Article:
McCARTY: Why do you think it took so long for Liverpool to honor The Beatles and what they accomplished?
TAYLOR: My own theory is, they resented the boys moving to London (from Liverpool). I think it’s getting better because Paul took the trouble to add “Let It Be Liverpool” to the World Tour, and he did Liverpool proud. Standing on the banks of the Mersey on a warm June evening with 26,000 people singing “Give Peace a Chance,” I shall never forget it as long as I live.
McCARTY: What have you been doing since leaving The Beatles?
TAYLOR: Basically, a very ordinary job. I had possibly one of the top jobs in pop music. What happened was, everybody disappeared into the woodwork. Everybody had assumed that I had earned such a vast sum of money that they were scared stiff they couldn’t afford me!
I couldn’t get a job. The only job I could get was a pot washer in a big hotel in England. In hotel hierarchy, nothing comes lower than a pot washer. It is the bottom!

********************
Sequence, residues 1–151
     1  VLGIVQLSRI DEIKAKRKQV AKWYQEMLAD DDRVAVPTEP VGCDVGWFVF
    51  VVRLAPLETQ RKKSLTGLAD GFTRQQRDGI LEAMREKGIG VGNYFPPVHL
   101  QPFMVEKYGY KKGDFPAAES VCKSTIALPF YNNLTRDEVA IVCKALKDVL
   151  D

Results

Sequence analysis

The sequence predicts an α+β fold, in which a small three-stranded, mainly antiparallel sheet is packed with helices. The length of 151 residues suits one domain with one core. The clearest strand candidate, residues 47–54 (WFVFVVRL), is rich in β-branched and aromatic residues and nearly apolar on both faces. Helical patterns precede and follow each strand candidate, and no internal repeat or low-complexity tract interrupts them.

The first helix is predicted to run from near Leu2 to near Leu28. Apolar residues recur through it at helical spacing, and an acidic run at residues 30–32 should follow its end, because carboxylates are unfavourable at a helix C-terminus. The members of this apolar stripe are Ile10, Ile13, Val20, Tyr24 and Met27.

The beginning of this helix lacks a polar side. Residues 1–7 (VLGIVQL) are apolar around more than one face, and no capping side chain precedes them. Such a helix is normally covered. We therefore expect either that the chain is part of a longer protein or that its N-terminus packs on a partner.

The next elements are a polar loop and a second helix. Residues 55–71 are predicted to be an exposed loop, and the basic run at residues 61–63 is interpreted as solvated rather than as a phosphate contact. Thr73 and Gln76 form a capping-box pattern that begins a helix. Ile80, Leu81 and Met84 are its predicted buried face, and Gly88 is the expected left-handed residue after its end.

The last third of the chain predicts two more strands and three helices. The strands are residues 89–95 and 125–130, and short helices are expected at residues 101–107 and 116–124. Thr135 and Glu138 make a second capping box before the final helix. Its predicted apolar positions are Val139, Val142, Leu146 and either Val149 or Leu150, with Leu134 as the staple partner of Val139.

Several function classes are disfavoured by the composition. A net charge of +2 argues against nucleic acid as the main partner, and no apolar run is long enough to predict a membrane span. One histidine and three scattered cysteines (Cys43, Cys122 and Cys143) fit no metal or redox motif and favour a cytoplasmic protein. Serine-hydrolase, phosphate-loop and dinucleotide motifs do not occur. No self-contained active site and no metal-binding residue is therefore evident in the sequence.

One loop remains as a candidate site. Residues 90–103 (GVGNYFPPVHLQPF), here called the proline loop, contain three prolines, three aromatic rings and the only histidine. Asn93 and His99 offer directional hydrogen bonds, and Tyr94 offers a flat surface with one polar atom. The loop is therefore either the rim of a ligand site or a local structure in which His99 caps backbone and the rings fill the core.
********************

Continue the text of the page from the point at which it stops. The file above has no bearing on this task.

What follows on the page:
I did that for nine months, then I managed to move up. I went back into the hotel business and became an assistant manager. Just recently, I’ve been managing a warehouse for a computer company.
As I say, just routine jobs.
McCARTY: When Brian Epstein first decided to manage The Beatles, he offered you two percent of them but you turned him down. Any regrets?
TAYLOR: Just a little bit, yes! The biggest mistake of my life, looking back on it. At the time it didn’t seem important.
If you like this interview, please check out my mega book of interviews MODERN MYTHMAKERS: 35 Interviews With Horror and Science Fiction Writers and Filmmakers:
MODERN MYTHMAKERS by Michael McCarty
The book features 35 interviews with such writers and filmmakers as Elvira, Ray Bradbury, John Carpenter, Dean Koontz, John Saul, The cast & crew of NIGHT OF THE LIVING DEAD, Joe McKinney, Peter Straub, Linnea Quigley, William F. Nolan, Christopher Moore and many more….